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The Political Feasibility of Policy Options for the UAE’s Energy Transition

About the Project

This paper – prepared in collaboration with the Masdar Institute of Science and Technology, a part of Khalifa University of Science and Technology – applies a model of collective decision-making processes (CDMPs): the KAPSARC Toolkit for Behavioral Analysis (KTAB). KAPSARC has developed KTAB, an open source software platform, to support modeling and analysis of CDMPs. KTAB is intended to be the standard platform for analyzing bargaining problems, generalized voting models and policy decision-making. It is our intent to use KTAB to assemble the building blocks for a broad class of CDMPs. Typical models in KTAB will draw on the insights of subject matter experts regarding decision-makers and influencers in a methodical, consistent manner; and then assist researchers to identify feasible outcomes that are the result of CDMPs.

Key Points

The United Arab Emirates (UAE) has said it wishes to transition toward a less carbon-intensive energy system, both as part of its Nationally Determined Contribution (NDC) within the United Nations Framework Convention on Climate Change (UNFCCC), and as one of a number of investments in ‘green’ research and development, technology and power generation. However, given the complexity of the UAE political system, which requires consensus among seven relatively sovereign and independent emirates, as well as commercial and financial interests, it is not immediately clear which policy instruments that might drive the UAE energy transition will prove acceptable and politically plausible. Here, we apply the KAPSARC Toolkit for Behavioral Analysis (KTAB) platform, a model of collective decision-making processes (CDMPs), to assess the political will to agree to and to implement an array of different policy alternatives within the current UAE context.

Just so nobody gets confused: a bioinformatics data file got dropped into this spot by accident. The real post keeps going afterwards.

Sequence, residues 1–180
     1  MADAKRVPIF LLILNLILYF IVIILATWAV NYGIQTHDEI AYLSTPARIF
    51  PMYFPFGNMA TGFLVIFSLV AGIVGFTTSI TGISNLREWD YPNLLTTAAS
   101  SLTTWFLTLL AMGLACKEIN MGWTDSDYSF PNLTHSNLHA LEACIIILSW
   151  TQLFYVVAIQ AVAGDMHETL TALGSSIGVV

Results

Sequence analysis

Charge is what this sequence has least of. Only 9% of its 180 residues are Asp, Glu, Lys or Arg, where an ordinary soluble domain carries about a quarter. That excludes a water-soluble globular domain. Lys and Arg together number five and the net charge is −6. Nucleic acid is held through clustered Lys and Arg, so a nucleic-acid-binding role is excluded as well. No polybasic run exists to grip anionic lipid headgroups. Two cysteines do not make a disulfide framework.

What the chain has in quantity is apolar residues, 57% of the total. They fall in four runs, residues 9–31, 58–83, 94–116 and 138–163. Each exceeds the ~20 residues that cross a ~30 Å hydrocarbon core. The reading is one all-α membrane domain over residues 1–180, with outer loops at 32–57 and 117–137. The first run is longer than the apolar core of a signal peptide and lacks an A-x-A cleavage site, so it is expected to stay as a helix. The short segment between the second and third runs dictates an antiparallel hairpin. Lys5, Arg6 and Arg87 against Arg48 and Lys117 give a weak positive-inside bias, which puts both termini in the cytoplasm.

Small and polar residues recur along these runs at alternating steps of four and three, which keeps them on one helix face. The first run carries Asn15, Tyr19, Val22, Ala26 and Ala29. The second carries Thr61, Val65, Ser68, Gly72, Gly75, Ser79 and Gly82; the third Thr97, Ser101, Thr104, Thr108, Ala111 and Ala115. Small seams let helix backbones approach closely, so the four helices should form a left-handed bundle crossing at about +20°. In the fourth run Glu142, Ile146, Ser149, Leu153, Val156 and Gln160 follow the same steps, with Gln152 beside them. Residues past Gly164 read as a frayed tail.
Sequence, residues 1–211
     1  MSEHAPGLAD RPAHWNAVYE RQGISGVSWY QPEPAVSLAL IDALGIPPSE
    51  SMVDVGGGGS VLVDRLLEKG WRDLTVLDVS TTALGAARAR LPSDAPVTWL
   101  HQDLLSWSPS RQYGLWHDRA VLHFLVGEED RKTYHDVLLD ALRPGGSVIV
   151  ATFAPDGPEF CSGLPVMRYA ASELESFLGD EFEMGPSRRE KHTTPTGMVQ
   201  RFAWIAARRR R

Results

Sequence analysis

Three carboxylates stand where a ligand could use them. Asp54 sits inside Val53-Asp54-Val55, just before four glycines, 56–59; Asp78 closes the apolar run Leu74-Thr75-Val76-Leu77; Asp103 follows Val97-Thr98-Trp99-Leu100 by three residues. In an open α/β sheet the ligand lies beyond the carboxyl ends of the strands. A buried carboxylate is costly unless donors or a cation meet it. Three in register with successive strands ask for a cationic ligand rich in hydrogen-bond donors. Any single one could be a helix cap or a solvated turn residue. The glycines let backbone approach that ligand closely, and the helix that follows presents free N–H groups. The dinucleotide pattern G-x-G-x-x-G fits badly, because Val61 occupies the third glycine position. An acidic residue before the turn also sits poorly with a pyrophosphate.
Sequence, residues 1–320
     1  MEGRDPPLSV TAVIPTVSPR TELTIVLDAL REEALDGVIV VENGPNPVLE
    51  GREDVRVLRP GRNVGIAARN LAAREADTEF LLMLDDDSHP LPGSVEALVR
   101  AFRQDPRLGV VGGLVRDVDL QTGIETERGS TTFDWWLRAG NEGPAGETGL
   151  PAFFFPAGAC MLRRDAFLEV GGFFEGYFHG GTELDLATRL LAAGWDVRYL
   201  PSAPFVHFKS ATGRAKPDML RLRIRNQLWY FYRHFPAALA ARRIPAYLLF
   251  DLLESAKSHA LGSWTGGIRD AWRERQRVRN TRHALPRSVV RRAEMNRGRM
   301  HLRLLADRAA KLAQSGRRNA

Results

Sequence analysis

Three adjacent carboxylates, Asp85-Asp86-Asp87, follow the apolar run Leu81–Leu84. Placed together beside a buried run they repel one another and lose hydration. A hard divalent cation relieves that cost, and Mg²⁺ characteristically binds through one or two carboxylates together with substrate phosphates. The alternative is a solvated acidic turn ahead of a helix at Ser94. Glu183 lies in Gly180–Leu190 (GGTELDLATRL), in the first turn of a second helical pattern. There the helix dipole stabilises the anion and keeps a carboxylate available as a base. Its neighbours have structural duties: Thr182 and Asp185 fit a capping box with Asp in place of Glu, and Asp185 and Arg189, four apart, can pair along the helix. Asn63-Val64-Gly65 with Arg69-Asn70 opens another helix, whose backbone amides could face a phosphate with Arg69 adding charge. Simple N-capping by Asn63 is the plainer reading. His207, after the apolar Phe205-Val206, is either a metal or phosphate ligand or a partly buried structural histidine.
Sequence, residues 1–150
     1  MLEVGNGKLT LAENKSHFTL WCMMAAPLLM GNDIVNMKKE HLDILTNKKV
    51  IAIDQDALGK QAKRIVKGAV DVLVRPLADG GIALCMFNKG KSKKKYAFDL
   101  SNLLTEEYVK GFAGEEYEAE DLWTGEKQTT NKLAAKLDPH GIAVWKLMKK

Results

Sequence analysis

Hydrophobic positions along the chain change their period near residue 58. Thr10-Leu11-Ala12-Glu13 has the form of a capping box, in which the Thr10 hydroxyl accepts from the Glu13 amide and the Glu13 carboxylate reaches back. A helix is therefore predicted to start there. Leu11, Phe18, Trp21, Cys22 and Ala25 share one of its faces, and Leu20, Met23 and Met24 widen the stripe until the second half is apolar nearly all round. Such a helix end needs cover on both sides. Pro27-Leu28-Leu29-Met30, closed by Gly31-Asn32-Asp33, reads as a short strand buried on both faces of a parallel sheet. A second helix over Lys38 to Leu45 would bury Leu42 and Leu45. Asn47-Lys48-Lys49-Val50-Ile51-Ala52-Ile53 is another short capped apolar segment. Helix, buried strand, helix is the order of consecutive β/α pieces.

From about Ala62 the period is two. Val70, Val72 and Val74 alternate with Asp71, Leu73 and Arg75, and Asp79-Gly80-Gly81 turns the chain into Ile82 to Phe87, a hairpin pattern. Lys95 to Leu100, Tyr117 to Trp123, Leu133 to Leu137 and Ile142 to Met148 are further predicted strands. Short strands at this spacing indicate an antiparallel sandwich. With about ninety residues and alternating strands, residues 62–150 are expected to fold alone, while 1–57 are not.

Energy subsidy reforms in the UAE have already been undertaken, and there appears to be sufficient political will for them to continue, though extensive subsidy reforms appear politically untenable.

Explicit carbon pricing in the UAE appears politically infeasible, as it does not appear to be able to achieve the consensus required in the face of entrenched interests that would be harmed by such an approach.

There appears to be robust political will to effectively deliver on the UAE’s renewable energy ambitions. An example includes the continuation of the utility scale solar energy tenders that have already proved successful.

Similarly, there appears to be strong and growing support to maintain the UAE’s plans to bring online 5.6GW of nuclear power in the next year, although support for nuclear beyond this level of deployment is uncertain.

Energy efficiency standards, whether targeted toward the commercial or residential sector, appear to be a politically feasible alternative to help lower UAE energy demand. There is moderately strong political will in support of this policy approach.

A perhaps surprising conclusion from this study is the somewhat neutral, although still positive, political will in support of natural gas, given the current dominance of natural gas in the UAE power sector

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